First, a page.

There were a few topics that we fully expected to be a focus of attention in our Africa dives. And the role of mobile phones and networks was one of them. Our deep dive participants have not disappointed. Not twenty minutes into our student deep dive last week in Nairobi, an idea that came out of our last focus area, media and content, resurfaced. A lecturer from the University of Nairobi reiterated the power of mobile phones for integrating the rural poor into the broader economy. He even articulated the need for some kind of language service to address the issue of illiteracy. It was like déjà vu all over again, the exact idea a participant surfaced in our Mumbai dive on media and content. And the discussion of the power of the mobile platform has not let up since.
But some people, mostly cynics, have questioned the usefulness of mobile services for rural villages. We’ve heard a lot of questions about what kind of applications these people would use. On some level, we’ve been taking it on faith that, if given a powerful mobile platform, rural people would develop their own uses, some of which we can’t yet conceive. Mobile money transfer is a perfect example.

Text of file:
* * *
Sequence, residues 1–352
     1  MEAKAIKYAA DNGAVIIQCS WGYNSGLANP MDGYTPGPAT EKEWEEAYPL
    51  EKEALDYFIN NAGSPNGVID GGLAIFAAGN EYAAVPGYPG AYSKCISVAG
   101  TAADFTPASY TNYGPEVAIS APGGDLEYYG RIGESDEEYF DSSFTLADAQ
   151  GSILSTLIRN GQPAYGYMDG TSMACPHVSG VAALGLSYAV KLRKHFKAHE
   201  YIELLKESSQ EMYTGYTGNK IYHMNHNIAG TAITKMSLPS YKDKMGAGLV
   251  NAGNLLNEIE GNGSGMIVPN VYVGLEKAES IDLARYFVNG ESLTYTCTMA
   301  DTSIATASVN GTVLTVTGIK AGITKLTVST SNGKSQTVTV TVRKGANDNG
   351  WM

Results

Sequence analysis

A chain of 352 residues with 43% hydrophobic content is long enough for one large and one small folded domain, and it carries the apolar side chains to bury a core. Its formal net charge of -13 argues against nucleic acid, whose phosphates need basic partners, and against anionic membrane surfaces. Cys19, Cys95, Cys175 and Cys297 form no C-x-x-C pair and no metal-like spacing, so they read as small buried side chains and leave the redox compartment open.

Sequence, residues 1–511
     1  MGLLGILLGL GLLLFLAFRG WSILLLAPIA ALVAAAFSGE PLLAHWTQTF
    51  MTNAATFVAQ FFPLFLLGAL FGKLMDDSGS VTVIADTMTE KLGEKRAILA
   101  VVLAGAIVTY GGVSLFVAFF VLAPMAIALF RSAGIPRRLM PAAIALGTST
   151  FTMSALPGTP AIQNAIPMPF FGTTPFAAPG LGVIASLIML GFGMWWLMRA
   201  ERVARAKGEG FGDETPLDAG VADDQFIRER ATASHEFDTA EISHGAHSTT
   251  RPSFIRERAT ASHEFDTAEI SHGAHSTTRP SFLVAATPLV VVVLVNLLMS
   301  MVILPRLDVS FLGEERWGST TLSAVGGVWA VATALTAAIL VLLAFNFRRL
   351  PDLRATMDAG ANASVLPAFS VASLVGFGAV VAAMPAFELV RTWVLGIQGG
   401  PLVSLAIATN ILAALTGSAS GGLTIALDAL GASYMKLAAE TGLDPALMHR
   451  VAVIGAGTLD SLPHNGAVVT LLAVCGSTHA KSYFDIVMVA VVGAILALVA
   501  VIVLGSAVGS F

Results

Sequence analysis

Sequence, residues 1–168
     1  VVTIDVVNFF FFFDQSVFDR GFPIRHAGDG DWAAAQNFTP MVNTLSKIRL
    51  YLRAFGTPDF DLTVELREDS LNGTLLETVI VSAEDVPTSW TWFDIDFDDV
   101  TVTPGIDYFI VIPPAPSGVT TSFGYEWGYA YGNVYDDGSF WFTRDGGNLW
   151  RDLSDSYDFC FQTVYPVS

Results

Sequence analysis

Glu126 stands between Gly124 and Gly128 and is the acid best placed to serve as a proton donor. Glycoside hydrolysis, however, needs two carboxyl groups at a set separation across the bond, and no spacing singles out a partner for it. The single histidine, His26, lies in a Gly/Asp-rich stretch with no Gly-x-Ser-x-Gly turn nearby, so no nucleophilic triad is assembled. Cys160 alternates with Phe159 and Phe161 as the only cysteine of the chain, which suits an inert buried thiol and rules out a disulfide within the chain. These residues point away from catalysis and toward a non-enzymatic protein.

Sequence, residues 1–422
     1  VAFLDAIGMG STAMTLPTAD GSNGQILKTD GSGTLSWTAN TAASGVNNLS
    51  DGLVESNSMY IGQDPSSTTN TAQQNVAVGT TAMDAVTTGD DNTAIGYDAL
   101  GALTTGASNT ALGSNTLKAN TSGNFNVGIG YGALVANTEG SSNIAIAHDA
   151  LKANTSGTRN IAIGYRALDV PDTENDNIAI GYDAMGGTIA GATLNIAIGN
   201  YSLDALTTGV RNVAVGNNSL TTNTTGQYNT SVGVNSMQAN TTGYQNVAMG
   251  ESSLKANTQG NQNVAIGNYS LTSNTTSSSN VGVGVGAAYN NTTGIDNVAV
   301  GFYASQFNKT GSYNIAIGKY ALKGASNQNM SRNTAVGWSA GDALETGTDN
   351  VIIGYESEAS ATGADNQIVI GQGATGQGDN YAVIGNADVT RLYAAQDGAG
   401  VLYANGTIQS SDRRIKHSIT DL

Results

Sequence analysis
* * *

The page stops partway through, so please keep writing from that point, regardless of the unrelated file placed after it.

Pretty amazing stuff. Innovative, ground-breaking, totally cutting edge stuff. And 100 percent African. Safaricom is already working to extend the service internationally through its close ties to Vodafone. What other applications would be available on this platform? I encourage you to speculate on this blog. Send me comments and we’ll probe them further throughout the Africa deep dives around the world.
June 12, 2007
The Missing Middle
Reading some of the popular press, you might think that Africa is awash in capital. After all, there are countless success stories about microfinance, the small loans that help individuals start businesses in their local communities. Charitable organizations continue to donate huge sums. And we’ve all read that China is pouring money into Africa in an attempt to line up natural resources for decades to come. But, as we learned in our third Global Innovation Outlook deep dive in Dakar, Senegal, there is something missing from these stories: the middle.